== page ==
HEALTHY EATING

Embrace healthy lifestyle for your children, parents urged

Kenyans urged to eat indigenous foods to keep Covid-19 at bay as they are rich in content necessary to boost their immunities

In Summary

• Parents have been urged to adopt a healthy lifestyle for their children by feeding them with healthy indigenous foods.

•  Slow food fest marked with an aim of promoting cultural indigenous foods

A part of the traditional Agikuyu cuisine showcased during the ‘slow food fest’ held in Kirinyaga
A part of the traditional Agikuyu cuisine showcased during the ‘slow food fest’ held in Kirinyaga
Image: WANGECHI WANG'ONDU

Parents have been urged to adopt a healthy lifestyle for their children by feeding them with indigenous foods.

Speaking during a food fest for children between the ages of three to 12, Lion’s International Club’s Charles Macharia  said contrary to the yester years , lifestyle-related diseases have increased due to a bad diet .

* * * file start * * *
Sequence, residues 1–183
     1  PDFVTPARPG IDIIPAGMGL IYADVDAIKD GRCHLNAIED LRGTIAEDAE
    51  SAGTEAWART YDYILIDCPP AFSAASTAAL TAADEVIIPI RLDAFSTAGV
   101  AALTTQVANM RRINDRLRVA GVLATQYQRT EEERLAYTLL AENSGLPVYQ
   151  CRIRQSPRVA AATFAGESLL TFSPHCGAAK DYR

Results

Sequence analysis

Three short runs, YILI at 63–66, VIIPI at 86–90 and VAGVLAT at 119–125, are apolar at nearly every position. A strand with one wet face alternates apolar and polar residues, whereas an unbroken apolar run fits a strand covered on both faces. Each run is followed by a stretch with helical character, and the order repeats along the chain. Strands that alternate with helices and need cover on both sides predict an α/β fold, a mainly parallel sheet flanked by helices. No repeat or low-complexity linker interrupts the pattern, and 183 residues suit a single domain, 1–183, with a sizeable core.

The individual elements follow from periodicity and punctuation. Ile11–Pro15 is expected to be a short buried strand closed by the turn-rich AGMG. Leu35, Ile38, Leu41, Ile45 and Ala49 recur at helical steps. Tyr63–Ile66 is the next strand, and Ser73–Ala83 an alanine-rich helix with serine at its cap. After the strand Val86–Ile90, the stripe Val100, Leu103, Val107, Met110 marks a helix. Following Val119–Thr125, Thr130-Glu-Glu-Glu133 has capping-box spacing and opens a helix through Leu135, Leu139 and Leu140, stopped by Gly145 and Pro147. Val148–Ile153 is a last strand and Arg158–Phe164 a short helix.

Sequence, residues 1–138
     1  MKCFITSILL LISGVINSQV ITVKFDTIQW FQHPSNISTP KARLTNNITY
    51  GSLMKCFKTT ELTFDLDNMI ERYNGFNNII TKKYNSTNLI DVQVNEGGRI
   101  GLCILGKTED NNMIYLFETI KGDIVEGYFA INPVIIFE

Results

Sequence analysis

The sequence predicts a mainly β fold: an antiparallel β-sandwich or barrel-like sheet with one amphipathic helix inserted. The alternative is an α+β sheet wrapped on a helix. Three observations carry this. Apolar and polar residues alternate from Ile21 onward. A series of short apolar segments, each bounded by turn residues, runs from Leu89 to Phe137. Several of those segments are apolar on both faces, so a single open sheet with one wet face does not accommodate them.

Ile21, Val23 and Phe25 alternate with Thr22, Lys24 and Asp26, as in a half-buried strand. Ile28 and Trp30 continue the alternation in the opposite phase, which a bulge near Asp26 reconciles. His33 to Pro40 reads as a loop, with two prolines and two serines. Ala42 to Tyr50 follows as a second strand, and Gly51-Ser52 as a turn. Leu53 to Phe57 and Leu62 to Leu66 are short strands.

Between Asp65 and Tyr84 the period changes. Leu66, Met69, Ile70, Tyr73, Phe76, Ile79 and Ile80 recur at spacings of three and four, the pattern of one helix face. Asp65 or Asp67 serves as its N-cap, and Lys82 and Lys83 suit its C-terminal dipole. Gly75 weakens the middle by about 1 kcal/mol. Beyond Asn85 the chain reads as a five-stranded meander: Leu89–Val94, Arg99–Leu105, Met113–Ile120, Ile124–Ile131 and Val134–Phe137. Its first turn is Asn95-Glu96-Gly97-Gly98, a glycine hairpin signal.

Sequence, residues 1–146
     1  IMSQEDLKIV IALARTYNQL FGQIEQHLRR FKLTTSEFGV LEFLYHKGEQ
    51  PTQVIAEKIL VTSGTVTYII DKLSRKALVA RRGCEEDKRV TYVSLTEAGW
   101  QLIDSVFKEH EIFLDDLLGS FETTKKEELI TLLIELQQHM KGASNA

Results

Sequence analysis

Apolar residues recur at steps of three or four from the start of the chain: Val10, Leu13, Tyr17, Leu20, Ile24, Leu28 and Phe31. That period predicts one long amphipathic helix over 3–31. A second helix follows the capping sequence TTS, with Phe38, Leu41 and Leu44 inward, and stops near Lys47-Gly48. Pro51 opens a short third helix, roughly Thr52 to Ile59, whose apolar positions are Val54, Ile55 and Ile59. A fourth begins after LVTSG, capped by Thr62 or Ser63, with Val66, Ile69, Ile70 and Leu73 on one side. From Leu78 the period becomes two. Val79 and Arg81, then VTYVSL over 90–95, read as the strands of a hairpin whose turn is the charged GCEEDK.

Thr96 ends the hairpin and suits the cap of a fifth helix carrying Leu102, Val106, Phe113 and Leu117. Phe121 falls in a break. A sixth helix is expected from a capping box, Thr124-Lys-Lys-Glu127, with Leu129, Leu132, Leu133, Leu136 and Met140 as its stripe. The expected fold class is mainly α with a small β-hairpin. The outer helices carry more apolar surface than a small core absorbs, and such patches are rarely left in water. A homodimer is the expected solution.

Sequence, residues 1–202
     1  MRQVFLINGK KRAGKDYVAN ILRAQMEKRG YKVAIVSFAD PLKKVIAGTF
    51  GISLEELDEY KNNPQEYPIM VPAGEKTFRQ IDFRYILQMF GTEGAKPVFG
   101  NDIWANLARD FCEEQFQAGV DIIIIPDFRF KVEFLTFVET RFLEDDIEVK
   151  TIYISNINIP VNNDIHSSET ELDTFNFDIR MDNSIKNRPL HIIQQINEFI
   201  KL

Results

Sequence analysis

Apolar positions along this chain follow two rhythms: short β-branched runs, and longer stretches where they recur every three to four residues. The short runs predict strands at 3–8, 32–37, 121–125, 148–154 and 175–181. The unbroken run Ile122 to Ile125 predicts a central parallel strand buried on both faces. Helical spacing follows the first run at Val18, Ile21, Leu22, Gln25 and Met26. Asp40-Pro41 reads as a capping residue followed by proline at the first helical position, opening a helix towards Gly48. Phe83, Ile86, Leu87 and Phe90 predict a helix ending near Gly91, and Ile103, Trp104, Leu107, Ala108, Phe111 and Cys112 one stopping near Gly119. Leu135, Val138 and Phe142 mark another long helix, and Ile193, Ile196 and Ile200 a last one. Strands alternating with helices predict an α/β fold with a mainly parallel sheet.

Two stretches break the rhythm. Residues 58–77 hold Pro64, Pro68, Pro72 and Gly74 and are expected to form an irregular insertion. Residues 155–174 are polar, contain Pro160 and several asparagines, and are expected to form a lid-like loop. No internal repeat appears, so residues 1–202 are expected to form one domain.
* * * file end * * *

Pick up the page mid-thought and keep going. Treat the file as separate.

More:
“Parents have a huge responsibility in setting the precedence on what their children feed. Unfortunately, modern day parents lack the ability to distinguish what food is nutritious from what is not, an action that has cost them dearly towards achieving a healthy lifestyle for their children,” Macharia said.

Horticulture farming, he said, tops the list in producing disease-resultant foods due to a huge amount of farm chemical use contrary to indigenous crops that add value to the body.

Macharia urged Kenyans to eat indigenous foods to keep Covid-19 at bay as they are rich in content necessary to boost their immunities

“Let’s eat good food as the real medicine, and not medicine as healthy food plays a big role in fighting viruses.It is for that sake that we also are appealing to the government to launch a crackdown on the sale of genetically modified seeds set to be grown for human consumption,” Macharia said.

During the national fest that was organised by the club in Kirinyaga, children were treated to a variety of the Agikuyu cuisines which included among others the traditional fermented porridge (Ucuru wa Mukio), ngunja gutu, ‘mataha’ and honey.

Macharia said the function dubbed as the ‘slow food event’ is celebrated internationally tracing its origin in Turin, Italy to promote cultural indigenous foods.

Lucy Gachoki, a local member of the club, hailed the project saying it will help sustain the rich traditional foods.